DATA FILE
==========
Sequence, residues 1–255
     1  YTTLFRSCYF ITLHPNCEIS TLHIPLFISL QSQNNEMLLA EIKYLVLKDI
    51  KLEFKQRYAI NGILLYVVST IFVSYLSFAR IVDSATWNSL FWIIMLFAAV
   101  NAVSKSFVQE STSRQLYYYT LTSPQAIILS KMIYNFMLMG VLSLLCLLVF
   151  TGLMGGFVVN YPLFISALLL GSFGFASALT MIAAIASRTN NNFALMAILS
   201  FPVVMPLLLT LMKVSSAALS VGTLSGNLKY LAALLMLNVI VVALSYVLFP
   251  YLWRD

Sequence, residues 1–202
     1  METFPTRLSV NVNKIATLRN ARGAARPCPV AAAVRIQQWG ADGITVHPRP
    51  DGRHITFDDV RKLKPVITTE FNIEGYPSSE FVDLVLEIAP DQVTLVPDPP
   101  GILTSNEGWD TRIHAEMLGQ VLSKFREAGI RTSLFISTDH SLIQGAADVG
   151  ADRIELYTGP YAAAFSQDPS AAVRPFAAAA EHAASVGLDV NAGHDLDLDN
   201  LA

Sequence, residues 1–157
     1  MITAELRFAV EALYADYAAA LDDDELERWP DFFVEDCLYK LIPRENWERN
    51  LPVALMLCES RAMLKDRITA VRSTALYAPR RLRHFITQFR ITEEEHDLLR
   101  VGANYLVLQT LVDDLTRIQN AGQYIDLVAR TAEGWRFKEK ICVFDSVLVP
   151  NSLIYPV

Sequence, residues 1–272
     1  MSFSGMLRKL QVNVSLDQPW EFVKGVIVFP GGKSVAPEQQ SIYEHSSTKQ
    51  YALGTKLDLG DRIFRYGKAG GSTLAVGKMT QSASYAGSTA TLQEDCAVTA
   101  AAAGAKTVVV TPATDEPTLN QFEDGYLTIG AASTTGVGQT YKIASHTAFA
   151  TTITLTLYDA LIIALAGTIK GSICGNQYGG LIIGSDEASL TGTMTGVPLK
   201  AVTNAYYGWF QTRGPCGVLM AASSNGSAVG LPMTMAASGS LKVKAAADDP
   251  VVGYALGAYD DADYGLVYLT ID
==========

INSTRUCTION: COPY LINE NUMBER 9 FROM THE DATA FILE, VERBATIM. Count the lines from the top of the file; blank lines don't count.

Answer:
     1  METFPTRLSV NVNKIATLRN ARGAARPCPV AAAVRIQQWG ADGITVHPRP